"It’s such an honor to carry on Pat’s legacy," Torres said. "Words can’t express how proud we are, first because he was a Sun Devil, but not just that — also what he did and what he stood for."
Torres said this year’s run was moved to a park in suburban Westchester due to increasing park fees within city limits. The race in Los Angeles, too, will take place in a new location this year.
Jen Bergmark, a 2006 ASU graduate who organizes the Los Angeles run, says the run used to finish at the Rose Bowl, where Tillman played in the Sun Devils’ last appearance in the bowl game. A conflicting event at the Rose Bowl this year forced a move, but the run has an equally unique new home along Hermosa Beach, where runners will meet at American Junkie, a bar and restaurant co-owned by an ASU alumnus.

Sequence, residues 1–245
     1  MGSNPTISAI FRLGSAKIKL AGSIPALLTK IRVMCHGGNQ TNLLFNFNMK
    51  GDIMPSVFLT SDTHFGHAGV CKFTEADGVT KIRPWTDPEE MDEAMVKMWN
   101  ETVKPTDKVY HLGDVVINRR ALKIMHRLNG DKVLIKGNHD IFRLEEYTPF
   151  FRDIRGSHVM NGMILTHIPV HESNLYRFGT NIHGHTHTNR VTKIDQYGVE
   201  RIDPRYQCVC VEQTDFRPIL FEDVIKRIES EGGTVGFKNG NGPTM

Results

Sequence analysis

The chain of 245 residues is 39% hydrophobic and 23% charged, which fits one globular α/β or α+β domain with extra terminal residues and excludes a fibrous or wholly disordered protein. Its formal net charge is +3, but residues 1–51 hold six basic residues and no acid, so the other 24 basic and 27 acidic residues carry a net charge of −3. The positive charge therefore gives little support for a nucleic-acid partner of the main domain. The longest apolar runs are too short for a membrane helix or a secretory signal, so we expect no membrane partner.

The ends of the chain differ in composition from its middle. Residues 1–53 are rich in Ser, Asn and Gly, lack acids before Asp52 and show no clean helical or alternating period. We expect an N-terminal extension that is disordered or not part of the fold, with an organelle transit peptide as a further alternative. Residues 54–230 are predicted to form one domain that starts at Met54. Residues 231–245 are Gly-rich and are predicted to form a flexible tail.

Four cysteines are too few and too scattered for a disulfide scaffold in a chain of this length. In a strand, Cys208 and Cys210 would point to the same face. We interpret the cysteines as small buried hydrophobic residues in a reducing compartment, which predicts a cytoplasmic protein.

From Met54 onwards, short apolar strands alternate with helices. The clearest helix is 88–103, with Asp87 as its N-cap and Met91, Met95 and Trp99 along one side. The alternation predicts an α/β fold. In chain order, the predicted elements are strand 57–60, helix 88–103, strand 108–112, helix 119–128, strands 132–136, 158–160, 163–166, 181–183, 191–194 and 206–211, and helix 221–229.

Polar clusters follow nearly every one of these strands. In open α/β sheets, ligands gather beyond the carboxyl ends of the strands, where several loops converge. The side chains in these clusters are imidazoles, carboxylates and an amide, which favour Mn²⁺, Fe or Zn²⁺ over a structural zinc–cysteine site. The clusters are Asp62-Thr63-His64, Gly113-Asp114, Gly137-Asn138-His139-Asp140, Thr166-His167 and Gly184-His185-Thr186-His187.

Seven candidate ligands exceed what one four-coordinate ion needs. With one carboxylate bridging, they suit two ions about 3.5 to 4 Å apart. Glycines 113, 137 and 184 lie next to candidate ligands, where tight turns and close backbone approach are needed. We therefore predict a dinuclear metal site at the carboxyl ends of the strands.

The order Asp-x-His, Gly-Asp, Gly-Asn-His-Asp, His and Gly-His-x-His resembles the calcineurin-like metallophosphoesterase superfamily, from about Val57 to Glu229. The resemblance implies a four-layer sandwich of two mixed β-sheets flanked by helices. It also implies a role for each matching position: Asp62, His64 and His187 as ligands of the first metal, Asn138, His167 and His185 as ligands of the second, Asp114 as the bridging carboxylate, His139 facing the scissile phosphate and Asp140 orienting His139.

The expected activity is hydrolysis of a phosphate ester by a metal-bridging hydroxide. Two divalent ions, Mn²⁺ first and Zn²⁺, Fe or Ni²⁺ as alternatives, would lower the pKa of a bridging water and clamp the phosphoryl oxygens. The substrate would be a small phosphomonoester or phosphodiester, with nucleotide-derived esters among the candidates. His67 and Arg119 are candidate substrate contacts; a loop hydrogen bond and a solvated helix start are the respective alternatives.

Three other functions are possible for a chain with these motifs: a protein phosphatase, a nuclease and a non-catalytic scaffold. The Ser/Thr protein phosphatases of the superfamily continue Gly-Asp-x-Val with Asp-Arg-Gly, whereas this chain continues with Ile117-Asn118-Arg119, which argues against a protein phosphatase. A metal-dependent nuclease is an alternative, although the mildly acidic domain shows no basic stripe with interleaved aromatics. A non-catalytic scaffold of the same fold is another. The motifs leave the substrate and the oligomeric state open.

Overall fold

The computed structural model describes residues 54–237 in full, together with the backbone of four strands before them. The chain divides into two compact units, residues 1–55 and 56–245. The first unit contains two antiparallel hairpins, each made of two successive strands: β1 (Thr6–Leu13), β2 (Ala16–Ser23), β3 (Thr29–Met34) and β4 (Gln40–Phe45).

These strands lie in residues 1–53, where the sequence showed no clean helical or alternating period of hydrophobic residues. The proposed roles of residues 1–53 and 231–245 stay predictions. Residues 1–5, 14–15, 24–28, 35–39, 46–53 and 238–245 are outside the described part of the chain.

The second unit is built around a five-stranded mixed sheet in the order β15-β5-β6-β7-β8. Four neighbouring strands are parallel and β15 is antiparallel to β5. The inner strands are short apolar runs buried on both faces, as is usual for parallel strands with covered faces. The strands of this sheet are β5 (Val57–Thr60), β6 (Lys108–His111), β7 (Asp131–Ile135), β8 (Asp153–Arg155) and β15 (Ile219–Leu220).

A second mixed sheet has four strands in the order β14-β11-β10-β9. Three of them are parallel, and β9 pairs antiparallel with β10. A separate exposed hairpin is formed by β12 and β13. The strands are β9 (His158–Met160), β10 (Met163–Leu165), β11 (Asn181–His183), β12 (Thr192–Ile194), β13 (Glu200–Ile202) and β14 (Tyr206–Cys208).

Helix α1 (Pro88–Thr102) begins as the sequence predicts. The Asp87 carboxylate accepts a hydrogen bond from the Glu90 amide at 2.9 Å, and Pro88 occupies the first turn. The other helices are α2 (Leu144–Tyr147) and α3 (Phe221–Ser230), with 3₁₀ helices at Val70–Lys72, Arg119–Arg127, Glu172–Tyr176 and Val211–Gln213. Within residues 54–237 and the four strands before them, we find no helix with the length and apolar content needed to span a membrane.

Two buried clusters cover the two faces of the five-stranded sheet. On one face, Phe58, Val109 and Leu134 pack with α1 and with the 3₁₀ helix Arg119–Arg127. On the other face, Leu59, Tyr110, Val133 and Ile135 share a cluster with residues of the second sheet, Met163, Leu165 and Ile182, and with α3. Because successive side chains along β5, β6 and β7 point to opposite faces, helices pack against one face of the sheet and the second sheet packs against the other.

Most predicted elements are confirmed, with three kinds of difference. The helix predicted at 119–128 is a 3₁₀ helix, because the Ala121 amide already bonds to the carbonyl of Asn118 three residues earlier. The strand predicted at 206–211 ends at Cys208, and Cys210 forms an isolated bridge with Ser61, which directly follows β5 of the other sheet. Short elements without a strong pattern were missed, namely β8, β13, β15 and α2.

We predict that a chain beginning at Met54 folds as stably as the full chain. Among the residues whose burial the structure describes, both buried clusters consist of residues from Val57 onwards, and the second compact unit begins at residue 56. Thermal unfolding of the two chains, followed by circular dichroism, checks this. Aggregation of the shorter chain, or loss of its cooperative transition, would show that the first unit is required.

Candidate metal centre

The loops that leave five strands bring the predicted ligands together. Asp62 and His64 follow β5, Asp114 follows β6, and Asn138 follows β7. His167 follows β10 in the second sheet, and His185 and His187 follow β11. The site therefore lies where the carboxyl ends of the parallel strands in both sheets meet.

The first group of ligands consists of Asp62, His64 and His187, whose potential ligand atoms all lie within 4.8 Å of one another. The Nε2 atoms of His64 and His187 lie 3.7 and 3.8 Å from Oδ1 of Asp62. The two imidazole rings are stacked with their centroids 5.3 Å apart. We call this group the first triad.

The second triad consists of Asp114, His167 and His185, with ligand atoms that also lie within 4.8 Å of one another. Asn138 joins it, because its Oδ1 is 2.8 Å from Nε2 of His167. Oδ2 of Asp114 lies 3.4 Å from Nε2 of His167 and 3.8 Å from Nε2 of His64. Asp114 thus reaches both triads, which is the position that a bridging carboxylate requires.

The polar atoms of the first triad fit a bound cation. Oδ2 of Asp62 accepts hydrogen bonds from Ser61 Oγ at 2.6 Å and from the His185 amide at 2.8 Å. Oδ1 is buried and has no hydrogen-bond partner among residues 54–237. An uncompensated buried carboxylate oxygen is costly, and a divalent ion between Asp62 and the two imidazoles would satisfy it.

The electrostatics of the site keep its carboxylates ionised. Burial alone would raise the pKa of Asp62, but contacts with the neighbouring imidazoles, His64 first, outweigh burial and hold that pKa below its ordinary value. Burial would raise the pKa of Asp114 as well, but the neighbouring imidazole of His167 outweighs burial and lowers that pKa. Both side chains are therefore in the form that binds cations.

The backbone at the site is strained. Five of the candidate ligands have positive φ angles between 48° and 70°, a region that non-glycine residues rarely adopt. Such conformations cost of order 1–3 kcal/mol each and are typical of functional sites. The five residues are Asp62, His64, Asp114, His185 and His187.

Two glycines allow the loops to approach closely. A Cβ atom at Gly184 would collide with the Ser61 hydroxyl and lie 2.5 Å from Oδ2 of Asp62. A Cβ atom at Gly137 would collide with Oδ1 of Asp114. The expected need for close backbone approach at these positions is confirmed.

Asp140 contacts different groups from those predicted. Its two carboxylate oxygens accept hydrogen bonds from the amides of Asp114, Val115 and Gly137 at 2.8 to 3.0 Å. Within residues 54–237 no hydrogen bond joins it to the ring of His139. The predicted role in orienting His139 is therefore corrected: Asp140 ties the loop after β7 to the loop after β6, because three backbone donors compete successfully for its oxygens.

Bergmark says the venue change hasn’t deterred runners, with some traveling more than an hour and a half from far suburbs such as Lancaster and San Bernardino.
"I just think that says a lot that people want to travel that far and be a part of this day," Bergmark said.
Organizing a shadow run carries a little extra significance for Sean Pate, a 1997 ASU graduate who met Tillman on a few occasions through mutual friends. Pate helped organize the original San Francisco run as well as the San Jose shadow run, which was preceded by an official run that mirrored the Tempe run for three years before being scaled back.
Because Tillman grew up in San Jose, Pate believes the Bay Area runs have an added meaning in the community.
"I think the fact Pat was born and raised in the area, at least for me as a Bay Area native, is something people feel connected too," Pate said.